When you sell a put, you have no say over whether or not the buyer will exercise their right to make you buy shares. Unless the sold put is extremely in the money (ITM) and close to expiration, or a dividend is coming, the likelihood of the buyer exercising their put is very low.
I’ve said it once and I’ll say it again, you should be mentally prepared to buy the shares at the price you sold the strike from day one!
How to Manage a Short Put that is Profitable
This is the most ideal and hopefully the most common scenario that you’ll find yourself in. You sold the put then time passed, price went higher, volatility decreased, or some combination and now the put is worth less than what you sold it for. Congratulations on your winning trade!
The easiest thing you can do is buy back the put for less than you sold it for. At GKT, we tend to close out winning sold puts at 50% of the credit received. We use Good Till Canceled orders, or GTC’s, to do this for us automatically. In our example where we sold the 400 SPY put for $3.20 expiring on May 19, 2023, we would typically set a target to buy it back for $1.60. There are times where we may deviate from this course and hold for more or bail out for less. There are times where we even cut our losses and run! You can and should write a trading plan to help you guide this decision.
How to Manage a Losing Short Put
Managing losing trades is one of the most important parts of investing in the stock market. I hate to break it to you, but you will find yourself with losing trades. In fact, you’ll find yourself with a LOT of losing trades. Some traders wipe out all of their gains, and sometimes more, with their losses. Profitable traders expect to have losing trades and they have a plan to help them lose as little as possible.
With short puts you have a couple management options available. There isn’t one right answer for every situation and you should be familiar with each option
Close the option for a loss. Although this doesn’t sound fun, sometimes it is best to just cut and run before the losses get bigger. Some people are only comfortable losing so many dollars on a given trade. If that number comes up, they exit the trade and move on. This is a very sensible way to keep losses small.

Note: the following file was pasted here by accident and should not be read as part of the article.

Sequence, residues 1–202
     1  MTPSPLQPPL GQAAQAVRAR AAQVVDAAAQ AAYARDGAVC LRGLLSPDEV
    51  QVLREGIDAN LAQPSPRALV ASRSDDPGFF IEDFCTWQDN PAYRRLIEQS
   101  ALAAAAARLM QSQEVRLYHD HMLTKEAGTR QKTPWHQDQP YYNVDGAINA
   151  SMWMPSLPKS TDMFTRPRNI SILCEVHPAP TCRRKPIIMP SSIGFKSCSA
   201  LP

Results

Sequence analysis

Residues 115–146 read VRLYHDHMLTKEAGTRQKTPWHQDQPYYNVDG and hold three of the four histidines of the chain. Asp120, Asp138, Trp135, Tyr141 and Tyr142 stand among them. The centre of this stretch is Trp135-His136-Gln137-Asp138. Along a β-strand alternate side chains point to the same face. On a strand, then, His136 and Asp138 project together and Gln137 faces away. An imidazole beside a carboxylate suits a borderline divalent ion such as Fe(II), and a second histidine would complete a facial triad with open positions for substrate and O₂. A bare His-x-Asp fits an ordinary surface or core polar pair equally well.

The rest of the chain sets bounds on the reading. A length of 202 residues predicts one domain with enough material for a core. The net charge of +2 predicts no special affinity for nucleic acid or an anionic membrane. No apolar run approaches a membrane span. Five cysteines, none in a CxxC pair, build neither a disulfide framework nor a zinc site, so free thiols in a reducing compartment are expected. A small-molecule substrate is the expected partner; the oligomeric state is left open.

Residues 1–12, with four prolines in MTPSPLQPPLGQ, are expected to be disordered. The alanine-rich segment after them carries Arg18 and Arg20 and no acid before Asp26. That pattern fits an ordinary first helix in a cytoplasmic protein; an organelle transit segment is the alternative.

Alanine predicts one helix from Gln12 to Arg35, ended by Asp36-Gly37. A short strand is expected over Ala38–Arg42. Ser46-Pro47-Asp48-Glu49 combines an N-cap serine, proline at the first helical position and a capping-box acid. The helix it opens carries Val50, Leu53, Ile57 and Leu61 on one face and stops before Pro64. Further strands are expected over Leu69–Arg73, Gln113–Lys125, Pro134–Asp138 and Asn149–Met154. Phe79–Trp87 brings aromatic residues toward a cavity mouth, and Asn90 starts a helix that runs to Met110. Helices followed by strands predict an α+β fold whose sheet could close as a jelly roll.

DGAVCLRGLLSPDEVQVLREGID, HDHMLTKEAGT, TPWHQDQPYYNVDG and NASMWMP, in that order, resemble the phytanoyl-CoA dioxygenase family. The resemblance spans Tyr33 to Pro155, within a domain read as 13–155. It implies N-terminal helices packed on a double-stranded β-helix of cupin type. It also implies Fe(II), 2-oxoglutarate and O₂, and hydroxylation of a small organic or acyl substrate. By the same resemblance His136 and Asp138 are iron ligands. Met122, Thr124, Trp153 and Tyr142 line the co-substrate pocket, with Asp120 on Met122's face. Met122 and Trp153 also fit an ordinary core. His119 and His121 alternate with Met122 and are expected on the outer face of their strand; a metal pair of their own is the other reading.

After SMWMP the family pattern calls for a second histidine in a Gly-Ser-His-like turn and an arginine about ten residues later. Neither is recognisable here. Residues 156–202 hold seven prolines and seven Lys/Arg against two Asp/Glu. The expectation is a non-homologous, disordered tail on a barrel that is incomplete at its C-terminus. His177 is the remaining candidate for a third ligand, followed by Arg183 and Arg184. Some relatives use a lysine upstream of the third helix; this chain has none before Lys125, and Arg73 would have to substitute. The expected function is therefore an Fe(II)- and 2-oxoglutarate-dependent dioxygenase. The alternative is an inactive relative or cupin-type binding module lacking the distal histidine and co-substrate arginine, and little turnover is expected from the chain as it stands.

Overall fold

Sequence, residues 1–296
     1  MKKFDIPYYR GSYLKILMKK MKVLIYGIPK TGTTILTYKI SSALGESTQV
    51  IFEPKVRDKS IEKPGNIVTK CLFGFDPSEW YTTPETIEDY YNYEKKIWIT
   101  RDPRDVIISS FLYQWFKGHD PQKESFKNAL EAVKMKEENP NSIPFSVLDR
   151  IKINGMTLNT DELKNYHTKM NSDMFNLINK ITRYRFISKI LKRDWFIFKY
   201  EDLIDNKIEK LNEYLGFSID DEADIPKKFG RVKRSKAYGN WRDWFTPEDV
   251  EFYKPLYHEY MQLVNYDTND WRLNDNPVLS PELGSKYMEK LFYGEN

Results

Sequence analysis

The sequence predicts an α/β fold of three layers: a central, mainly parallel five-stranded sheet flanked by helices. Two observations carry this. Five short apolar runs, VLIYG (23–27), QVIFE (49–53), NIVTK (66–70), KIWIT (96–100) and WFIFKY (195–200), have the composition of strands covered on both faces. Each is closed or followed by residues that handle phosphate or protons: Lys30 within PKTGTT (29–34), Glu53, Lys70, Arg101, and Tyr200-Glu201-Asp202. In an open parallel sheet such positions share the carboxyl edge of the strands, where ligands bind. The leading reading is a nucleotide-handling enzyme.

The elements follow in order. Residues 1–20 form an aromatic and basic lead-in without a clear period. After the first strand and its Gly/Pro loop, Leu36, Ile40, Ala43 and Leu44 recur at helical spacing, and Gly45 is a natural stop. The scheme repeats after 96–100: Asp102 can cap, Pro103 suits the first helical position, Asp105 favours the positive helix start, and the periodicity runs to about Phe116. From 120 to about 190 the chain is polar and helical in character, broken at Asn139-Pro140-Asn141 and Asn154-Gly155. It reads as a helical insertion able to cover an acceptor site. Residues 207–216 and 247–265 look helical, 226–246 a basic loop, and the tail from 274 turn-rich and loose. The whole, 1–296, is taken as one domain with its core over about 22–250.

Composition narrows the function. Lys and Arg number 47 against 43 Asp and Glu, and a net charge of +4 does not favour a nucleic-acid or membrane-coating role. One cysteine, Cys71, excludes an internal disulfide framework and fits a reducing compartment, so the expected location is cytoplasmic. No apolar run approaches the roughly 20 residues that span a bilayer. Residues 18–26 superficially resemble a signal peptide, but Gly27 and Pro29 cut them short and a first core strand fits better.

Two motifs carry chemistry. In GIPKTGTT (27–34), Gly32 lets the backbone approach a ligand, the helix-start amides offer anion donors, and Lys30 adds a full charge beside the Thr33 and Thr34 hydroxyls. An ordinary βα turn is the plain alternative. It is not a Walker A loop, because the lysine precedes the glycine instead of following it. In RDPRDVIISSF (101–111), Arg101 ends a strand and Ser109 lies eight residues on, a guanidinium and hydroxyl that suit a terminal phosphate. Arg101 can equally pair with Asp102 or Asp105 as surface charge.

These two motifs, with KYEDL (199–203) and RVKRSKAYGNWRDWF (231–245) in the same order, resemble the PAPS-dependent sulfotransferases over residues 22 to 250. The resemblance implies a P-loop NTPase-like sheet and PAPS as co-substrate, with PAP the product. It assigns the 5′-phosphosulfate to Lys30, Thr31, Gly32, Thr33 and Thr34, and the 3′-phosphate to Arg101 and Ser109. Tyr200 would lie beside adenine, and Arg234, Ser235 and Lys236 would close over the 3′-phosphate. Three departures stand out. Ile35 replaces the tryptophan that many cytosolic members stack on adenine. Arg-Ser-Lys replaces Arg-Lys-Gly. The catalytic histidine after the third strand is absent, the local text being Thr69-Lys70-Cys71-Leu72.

Roll the option out in time. Rolling an option just means closing out the current trade and opening up a new one in the same underlying. To roll a short put, you’d buy it back and then resell it again. When managing short puts, you’d most commonly roll out in time. We initially sold the $400 SPY put in May, so we could buy it back and then sell the $400 SPY put in June. Typically, rolling out in time will result in a net credit. You may buy the option back for $2.00 and would sell the $400 put in June for $3.00, resulting in a $1.00 credit.
Roll the option out and down. In this scenario you are rolling out in time like we just described but now you are trying to roll the strike down. So you’d roll from the $400 SPY put in May to the $395 SPY put in June. Again, you’d ideally like to take in a net credit. Since you are lowering your risk by decreasing your strike, the credit may be small. If you try to roll too far down, you’ll see it starts to cost a debit. We generally try to avoid paying a debit because it takes away from the profit potential of the trade but sometimes it is necessary.
Wait. Waiting is a tough thing to do when you are staring at a loser in your account. As I’m writing this article, I have two short put losers in my account. Given my plan and where I am in the trade, I plan on waiting for time to pass and hoping for a favorable move in price. No one knows what the future will bring, but at minimum time passing is certain and I will collect some Theta. As we outlined above, as time passes, the option gets cheaper from that one perspective. Price falling can certainly outweigh the benefits of time passing which is the biggest risk with this style of management.
This article provides an overview for selling a put option and outlines some of the fundamental concepts. This article also gives a taste of the strategy of selling a put. For the final time in this article, the most important thing to remember with selling a put is that you have to be prepared to buy the shares at the strike price. It is really easy to sell more puts than your account size can handle.
As long as you manage the risk inherent with selling puts, this can be an extremely powerful tool for building wealth.
Feel free to leave any questions in the comments below. If you want to see how GKT sells puts in real time, join our discord community today!